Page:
We did little to disguise how impressed we were with the HTC Hero when we reviewed it all the way back in July 2009. At the time we suggested it was the device with which Android came of age; since then, of course, we've seen a huge growth both in the number of manufacturers and devices available, and in Android itself. Into that fray wades the HTC Legend, undoubtedly one of the stand-out devices from MWC 2010 in February and packing the latest versions not only of Android but of HTC's Sense, which rather fittingly debuted with the Hero. Can HTC history repeat itself? Check out the full SlashGear review after the cut.
You could well argue that the HTC Hero was the Android smartphone of 2009. While Motorola's DROID brought with it a larger display, newer version of the OS and arguably more functional hardware keyboard, HTC led the pack months in advance. Multitouch-capable, distinctly designed and outfitted with a genuinely compelling UI in the shape of HTC Sense, the Hero fast became the poster-child of Android. Now, the company are hoping to follow that success with the HTC Legend, a slick Hero update with a tactile unibody aluminum shell. Is it a worthy sequel or has the HTC Desire stolen the Legend's flagship thunder; more importantly, is it sufficiently different from the smartphone it replaces?
When we wrote on Saturday that one of the more obvious differences between the HTC Desire and the Google Nexus One would be rapidly addressed by the Android home-brew crowd, we perhaps didn't expect a custom Nexus One ROM with HTC Sense and Flash 10.1 support to come so soon. Still, if you're at the bleeding edge and you simply can't wait until the Desire's April 2010 release date to get your hands on the new version of Sense, Modaco are offering an alpha-build ROM for the Nexus One.
One of the biggest announcements from MWC 2010 this past week has been the official debut of the HTC Desire, instantly dubbed the Google Nexus One with HTC Sense. With HTC the OEM parent behind both theirs and the Google-branded smartphone, would-be buyers (and potentially remorseful Nexus One owners) are already looking for the differentiating factors between the two; check out our head-to-head comparison after the cut.
Money burning a hole in your pocket and desperate to inject a little MWC 2010 glamour into your life? Expansys UK have thrown up their preorder pages for HTC's trio of Sense-equipped smartphones, the Legend, Desire and HD mini, though you'll have to wait until their tipped delivery date of April 12th.
HTC's second launch event of MWC 2010 may have been a little more subdued than the Desire/Legend/HD mini announcement, but the phone it detailed may reach a whole lot more users than that trio. Along with carrier O2, the company have announced availability of the HTC Smart, an entry-level device running Qualcomm's Brew MP OS on a 300MHz processor. Check out our hands-on video demo after the cut.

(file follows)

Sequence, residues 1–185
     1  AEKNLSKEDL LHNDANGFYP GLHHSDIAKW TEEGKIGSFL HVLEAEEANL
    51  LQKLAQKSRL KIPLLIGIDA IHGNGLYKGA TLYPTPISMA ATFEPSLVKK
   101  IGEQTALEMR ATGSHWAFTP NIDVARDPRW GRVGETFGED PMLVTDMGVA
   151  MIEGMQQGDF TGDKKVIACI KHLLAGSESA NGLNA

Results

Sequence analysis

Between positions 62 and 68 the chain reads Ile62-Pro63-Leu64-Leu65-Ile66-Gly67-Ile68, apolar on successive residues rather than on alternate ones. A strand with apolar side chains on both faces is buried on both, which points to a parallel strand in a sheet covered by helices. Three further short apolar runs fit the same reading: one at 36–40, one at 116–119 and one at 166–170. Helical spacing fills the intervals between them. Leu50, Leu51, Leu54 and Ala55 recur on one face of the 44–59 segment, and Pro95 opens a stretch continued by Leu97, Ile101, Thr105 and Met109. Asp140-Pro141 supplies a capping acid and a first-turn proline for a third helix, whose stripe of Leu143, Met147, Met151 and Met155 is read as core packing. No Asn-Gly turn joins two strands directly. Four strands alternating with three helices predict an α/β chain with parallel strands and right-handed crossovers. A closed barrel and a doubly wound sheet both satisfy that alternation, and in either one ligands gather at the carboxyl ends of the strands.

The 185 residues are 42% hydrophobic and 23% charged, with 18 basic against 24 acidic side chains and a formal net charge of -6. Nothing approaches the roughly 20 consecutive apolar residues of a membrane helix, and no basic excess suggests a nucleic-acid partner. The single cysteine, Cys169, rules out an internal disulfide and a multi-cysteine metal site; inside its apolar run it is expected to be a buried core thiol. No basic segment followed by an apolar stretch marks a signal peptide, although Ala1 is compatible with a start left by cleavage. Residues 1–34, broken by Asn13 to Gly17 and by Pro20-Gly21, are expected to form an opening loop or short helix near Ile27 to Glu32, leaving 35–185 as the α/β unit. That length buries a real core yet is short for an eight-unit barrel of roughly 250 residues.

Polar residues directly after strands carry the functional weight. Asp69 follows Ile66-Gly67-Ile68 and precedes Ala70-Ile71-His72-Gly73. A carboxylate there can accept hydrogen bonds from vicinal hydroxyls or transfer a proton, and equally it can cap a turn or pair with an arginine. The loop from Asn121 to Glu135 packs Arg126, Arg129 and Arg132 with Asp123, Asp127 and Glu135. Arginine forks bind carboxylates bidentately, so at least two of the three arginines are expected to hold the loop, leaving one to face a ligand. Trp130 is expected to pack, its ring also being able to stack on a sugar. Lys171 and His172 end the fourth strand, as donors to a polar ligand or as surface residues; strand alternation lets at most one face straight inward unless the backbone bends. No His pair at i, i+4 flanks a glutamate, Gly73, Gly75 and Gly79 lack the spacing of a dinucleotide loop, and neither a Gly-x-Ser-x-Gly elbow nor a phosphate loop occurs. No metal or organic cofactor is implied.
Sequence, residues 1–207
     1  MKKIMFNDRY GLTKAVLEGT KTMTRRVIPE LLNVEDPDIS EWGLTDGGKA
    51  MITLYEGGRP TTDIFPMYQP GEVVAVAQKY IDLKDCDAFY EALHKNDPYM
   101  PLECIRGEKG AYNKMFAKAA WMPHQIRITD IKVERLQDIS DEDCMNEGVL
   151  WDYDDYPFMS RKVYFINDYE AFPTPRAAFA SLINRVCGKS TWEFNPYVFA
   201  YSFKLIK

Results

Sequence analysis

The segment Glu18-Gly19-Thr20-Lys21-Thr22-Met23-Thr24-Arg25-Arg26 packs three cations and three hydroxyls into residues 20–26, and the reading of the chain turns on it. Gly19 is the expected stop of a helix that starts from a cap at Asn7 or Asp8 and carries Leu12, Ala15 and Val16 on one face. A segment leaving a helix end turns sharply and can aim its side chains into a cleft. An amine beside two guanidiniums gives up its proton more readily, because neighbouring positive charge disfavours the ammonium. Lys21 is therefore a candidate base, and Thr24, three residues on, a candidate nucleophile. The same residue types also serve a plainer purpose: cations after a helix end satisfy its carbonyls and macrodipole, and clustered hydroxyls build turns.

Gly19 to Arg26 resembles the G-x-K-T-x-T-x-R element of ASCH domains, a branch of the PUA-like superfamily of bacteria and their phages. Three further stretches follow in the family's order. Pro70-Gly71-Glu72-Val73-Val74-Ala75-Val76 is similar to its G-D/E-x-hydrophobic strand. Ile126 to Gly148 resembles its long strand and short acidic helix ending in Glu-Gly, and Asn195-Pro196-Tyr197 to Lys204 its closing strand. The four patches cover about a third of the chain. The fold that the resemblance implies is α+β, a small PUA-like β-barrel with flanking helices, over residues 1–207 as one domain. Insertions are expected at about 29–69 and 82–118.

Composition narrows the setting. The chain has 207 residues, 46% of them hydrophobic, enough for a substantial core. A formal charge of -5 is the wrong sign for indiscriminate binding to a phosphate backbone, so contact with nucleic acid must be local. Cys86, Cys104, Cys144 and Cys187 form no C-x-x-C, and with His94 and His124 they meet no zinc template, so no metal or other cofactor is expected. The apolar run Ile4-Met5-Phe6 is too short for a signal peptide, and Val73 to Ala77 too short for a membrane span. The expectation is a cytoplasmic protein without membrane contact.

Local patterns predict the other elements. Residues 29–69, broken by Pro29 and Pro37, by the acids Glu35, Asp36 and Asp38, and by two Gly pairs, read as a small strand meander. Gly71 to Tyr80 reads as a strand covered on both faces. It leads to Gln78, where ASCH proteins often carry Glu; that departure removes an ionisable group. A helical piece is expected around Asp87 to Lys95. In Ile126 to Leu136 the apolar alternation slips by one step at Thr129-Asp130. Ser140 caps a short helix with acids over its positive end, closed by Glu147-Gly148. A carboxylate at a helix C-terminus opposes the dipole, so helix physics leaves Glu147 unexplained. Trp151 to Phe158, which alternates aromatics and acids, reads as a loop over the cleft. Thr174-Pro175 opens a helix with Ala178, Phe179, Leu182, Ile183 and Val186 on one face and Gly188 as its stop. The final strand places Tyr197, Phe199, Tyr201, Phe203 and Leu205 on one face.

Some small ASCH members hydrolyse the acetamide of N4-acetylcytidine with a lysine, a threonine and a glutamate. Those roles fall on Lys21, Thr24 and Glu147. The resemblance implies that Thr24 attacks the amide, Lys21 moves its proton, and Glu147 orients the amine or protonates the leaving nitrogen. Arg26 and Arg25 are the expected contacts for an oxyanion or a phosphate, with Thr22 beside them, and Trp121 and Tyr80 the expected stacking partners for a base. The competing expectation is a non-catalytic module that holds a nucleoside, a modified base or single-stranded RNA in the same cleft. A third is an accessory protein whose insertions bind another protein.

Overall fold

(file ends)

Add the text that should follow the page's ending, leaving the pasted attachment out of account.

While HTC have three new phones today, that doesn't mean they've forgotten about the promised HTC Hero update. According to the company, the Hero will see not only an Android 2.1 update but a refresh of HTC Sense too, though not with the full functionality of what's found on the new Legend and Desire.
The HTC Legend, successor to the company's widely-loved Hero, has been made official at Mobile World Congress 2010 this week. A little smaller than the Hero, the Legend has a 3.2-inch AMOLED capacitive touchscreen with multitouch support, dualband UMTS/HSPA (900/1800) and a frame milled from a single block of aluminum. In fact the Legend is an example of HTC's "Hidden Power" design ethos, a concept whereby good looks are delivered through slick functionality; in this case, the aluminum is not only the shell but the chassis, meaning HTC can make their devices smaller.
HTC have officially announced the HTC Desire - the handset previously known as the HTC Bravo - at Mobile World Congress 2010 this week. The smartphone is, in essence, HTC's own-brand version of the Google Nexus One, tailored to a European market. As with the Nexus One there's a 3.7-inch AMOLED capacitive touchscreen, 5-megapixel camera with LED flash and Android 2.1; you also get the same, 1GHz Snapgragon processor. The key differences are the inclusion of the latest version of HTC Sense, the omission of active noise cancellation, and the use of an optical joystick rather than a physical trackball.
We've made no attempt to disguise our love of HTC's Sense UI system on the HTC Hero and other handsets from the company, and it looks as though something even more interesting is in the works. A video has emerged showing the HTC Hero running what looks to be a new version of Sense, complete with some multitouch functionality in the Android desktop and a new way of viewing homescreen panes.
The new view is seemingly triggered by a pinch gesture - as if zooming out - which calls up seven thumbnails. Each thumbnail looks to represent a different homescreen panel, which you can then tap to access; it seems to work like Exposé on Mac OS X.
Video demo after the cut
It’s apparent that HTC’s kicking it up a notch with their naming system, with the surfacing of the HTC Incredible just moments ago on the internet. Some leaked snapshots and video of the device depict the high-end specs of the newly glimpsed phone from HTC, which should be operating on Verizon’s network.